Electric car charging stations in Hillsboro. Transit-oriented development on 82nd Avenue in Portland. Revitalizing downtown Beaverton as a walkable neighborhood. A new park in Gateway. A walking trail in Rockwood. A community-based bus system in Wilsonville. by: TRIBUNE PHOTO: JAIME VALDEZ - The Clackamas Town Center Transit Center conveniently connects cars, TriMet buses and MAX trains for commuters and shoppers.

Those are among many local initiatives that are already fighting climate change by encouraging alternatives to private motor vehicle trips, according to a report from Metro, the regional elected governments. Similar projects will become increasingly important as proof mounts that human activity is responsible for global warming, the report explained.

The most recent proof is included in the latest United Nations’ assessment of climate change that was released on Sept. 27. It was compiled by the U.N.-sponsored International Panel on Climate Change. The assessment concluded there is now a 95 percent probability that human activity is changing the Earth by releasing a growing amount of greenhouse gas emissions into the atmosphere.

“Human influence has been detected in warming the atmosphere and the oceans, in changes to the global water cycle, in reductions in snow and ice, in global mean sea level rise and in changes in some climate extremes,” the report noted. “It is extremely likely that human influence has been the dominant cause of the observed warming since the mid-20th century.”

Climate change will impact the Portland area, according to a report released Oct. 9 by Multnomah County. Among other things, the Multnomah County Health Department’s “climate change and public health preparation plan” predicts it will cause hotter summers and wetter winters, leading to an increase in mosquitoes, mold and mildew.

Although the state is committed to fighting climate change, a recent report from the Oregon Global Warming Commission is not promising. The report said the state is not on track to meet its 2020 and 2050 greenhouse gas reduction goals. According to the report, the state only met its 2010 goals because the Great Recession reduced economic activity.

The three reports support those who argue for sweeping government actions to reduce greenhouse gas emissions. Proposals include a tax on carbon-based fuels, including gasoline and diesel. Supporters claim that among other benefits, such a tax would reduce greenhouse gas emissions from motor vehicles by discouraging driving.

Carbon tax is option

Carbon taxes are currently being studied by the Oregon Legislature and Portland Mayor Charlie Hales, who worked with the Oregon Environmental Council on a survey to gauge public support for a local one. It shows some public support for a carbon tax if the revenues were used to improve roads, according to an aide to Hales.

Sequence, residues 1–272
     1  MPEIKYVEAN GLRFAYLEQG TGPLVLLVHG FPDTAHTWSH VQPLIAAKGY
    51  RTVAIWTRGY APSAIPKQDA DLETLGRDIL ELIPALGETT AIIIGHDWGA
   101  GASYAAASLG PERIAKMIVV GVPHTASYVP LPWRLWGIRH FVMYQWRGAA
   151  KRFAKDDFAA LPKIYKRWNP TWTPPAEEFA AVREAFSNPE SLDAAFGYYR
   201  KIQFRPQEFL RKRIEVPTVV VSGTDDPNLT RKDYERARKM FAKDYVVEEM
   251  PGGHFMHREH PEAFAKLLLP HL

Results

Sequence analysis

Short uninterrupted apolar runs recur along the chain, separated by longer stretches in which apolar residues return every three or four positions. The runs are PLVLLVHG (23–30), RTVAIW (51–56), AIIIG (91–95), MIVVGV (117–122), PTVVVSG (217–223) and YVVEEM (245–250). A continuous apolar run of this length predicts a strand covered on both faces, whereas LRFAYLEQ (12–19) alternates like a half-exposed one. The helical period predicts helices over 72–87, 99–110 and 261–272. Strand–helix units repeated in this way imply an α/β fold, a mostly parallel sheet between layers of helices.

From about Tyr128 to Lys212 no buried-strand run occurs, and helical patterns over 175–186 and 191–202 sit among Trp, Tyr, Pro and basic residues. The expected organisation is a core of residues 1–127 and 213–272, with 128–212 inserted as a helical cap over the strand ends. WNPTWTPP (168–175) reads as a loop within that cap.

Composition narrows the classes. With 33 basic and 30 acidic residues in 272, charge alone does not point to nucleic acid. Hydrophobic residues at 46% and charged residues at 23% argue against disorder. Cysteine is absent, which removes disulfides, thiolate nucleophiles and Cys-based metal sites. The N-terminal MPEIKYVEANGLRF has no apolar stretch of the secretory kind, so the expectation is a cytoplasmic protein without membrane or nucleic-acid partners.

But a state or local carbon tax is likely to face political opposition from utilities, manufacturers and petroleum companies. And mitigating its impact on low-income families and individuals will also be challenging.

Metro representatives believe there are less controversial ways to fight climate change, however. According to Metro officials, local initiatives such as those in Portland, Beaverton, Gateway, Hillsboro, Rockwood and Wilsonville are not only reducing greenhouse gas emissions, they are improving the quality of life in those cities.

The elected Metro Council has not taken a position on local carbon taxes, but the agency is studying local initiatives to reduce driving in the region as part of its Climate Smart Scenarios Project, started to help the state meet its greenhouse gas reduction goals.

At the direction of the Oregon Legislature, the state Land Conservation and Development Commission has tasked Metro to reduce emissions from cars and light trucks 20 percent by 2035. The studies suggest the region can surpass that goal by funding more initiatives to reduce driving.

The project recently completed and published eight case studies of specific initiatives throughout the region. In addition to those in the six cities, they include employer-based commuter programs and neighborhood-based travel options. Together, they are providing residents in the region with numerous alternatives to single trips in private automobiles, which represent one of the greatest sources of greenhouse gas emissions.

Metro found that most of the initiatives are rooted in the 2040 Growth Concept Plan adopted by the regional government in 1990 to guide development. The document encourages growth in designated urban centers and along existing transportation corridors. Since it was adopted, cities in the region have amended their state-mandated comprehensive land use plans to include many of the concepts. They include increased transit options and an emphasis on “active transportation” options such as walking and bicycling.

The state has directed Metro to adopt a regional plan for meeting its 2035 greenhouse gas reduction target. The council will consider a range of options based on the results of case studies later this year. The final scenario, to be adopted in December 2014, could well include elements from all of them.

Funding will be a challenge, however. Metro is projecting a shortfall of up to $26 billion to build and maintain needed infrastructure in the region over the next two decades. Although many ideas are being discussed — including encouraging private investment in public infrastructure projects — regional leaders have yet to agree on financing plans.